James Marcia's Identity Theory: Understanding Adolescents' Search For Identity

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  • 0:05 Defining Identity
  • 1:11 Marcia's Theory
  • 2:17 Four Identity Statuses
  • 5:29 Lesson Summary
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Lesson Transcript
Instructor: Wind Goodfriend
Do you really know what you want out of life or what your political and religious beliefs are? The psychologist James Marcia suggested that there are four identity statuses, or stages, in developing who we are as individuals. These stages are achievement, moratorium, foreclosure, and diffusion. This lesson covers Marcia's theory and each identity status.

Defining Identity

Do you really know who you are as a person? What would be your ideal career? What kinds of traits do you prefer in a life partner? What are your political and religious beliefs? All of these questions relate to our view of who we are as individuals. The answers to these questions might change with time or experience. Some philosophers believe that the purpose of life is really to discover who we are. To do that, we need to explore lots of possibilities to find the answers to these questions.

The process of finding our true self results in finding what psychologists have called our identity.

Identity can be defined as an individual's combination of behaviors, preferences, thoughts, talents, and beliefs. All people have lots of different identities over their lifespan. For example, you are probably not the same person now as you were ten years ago. When you were a little kid, what did you want to be when you grew up? Is that the same dream you have now? Have your political and religious beliefs evolved over time? These questions of identity and how we form our identities have been the subject of research from psychologists for many years.

Marcia's Theory

Marcia believes identity is comprised of our occupations and fundamental beliefs
Marcias Identity Theory

Probably the most famous person who studied the formation of identity is a man named James Marcia. Marcia decided to interview lots of different people to ask how they developed their beliefs, preferences, and so on. He believed that identity is mostly based on two things. The first is what he called occupation, which refers to the main role one has in society. Occupation might refer to a job, like a doctor or bus driver, but it could also apply to roles such as father, student, or celebrity. The second base for identity, according to Marcia, is ideology, which refers to a person's fundamental beliefs about topics like religion or politics. Are you religious? Are you involved in politics? Marcia tried to identify different people's occupations and ideologies in order to identify their current identities.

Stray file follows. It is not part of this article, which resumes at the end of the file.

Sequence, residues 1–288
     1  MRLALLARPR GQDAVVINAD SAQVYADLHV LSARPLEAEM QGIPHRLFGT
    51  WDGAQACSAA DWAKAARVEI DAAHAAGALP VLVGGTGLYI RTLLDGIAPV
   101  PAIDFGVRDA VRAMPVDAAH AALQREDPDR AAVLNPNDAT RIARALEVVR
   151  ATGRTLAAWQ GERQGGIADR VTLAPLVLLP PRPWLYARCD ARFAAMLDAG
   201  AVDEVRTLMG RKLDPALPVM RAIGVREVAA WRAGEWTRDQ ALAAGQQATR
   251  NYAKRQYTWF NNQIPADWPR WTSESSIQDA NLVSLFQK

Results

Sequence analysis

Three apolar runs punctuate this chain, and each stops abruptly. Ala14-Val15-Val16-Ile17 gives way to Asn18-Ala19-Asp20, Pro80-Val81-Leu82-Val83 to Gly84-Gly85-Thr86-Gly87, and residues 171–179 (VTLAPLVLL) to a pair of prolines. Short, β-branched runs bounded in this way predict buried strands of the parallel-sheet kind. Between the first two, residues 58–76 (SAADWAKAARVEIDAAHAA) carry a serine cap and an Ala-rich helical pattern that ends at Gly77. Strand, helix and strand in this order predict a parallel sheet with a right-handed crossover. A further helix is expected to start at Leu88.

Based on his interviews, Marcia proposed that there are four major identity statuses, or degrees to which a person has achieved a set identity. As we go through them, think about your own identity. Do you feel like you really know who you are and what you want out of life? What about your friends and family members?

Four Identity Statuses

The earliest stage of identity formation according to Marcia is called identity diffusion. If you are in this stage, you basically have no idea who you are or what you want. People in identity diffusion have no strong opinions, desires, or dreams for the future. In addition to not really knowing what they want, these people also aren't experimenting and trying things. It's almost like they're afraid to adventure into the world or make any real commitments. Think about a boat on the ocean without a compass.

It just floats around not going anywhere and none of the people on the boat seem to mind. Research on people at this stage shows that they often feel lonely and scared of the world.

The second possible stage of identity formation in Marcia's theory is called foreclosure. Foreclosure refers to people who have made commitments to beliefs and a future but without truly exploring options. In other words, these are people who believe strongly in certain ideas, such as religion or politics, but they've never really questioned these beliefs or examined them from a critical thinking point of view. They might choose a career simply because it's what their family expected of them, even though they never thought about whether they would really enjoy the job. Did your parents want you to have a certain career? If so, did you simply accept this idea without considering other options? If you did, Marcia would say you're in the foreclosure stage. Think again about that little boat on the ocean. Foreclosure is kind of like that boat sailing quickly in a certain direction, but no one on the boat has really decided whether they actually want to go there!

Marcia's third stage of identity development is called moratorium. Moratorium is kind of the opposite of foreclosure, the stage we just discussed. Remember that people in foreclosure have made commitments but never really thought about those beliefs. In moratorium, people continually explore options and experiment with identities and beliefs but never make a decision or commitment. It's different from the first stage of diffusion because people in moratorium are at least trying new things and new identities; but here, they never really find something that makes them happy.

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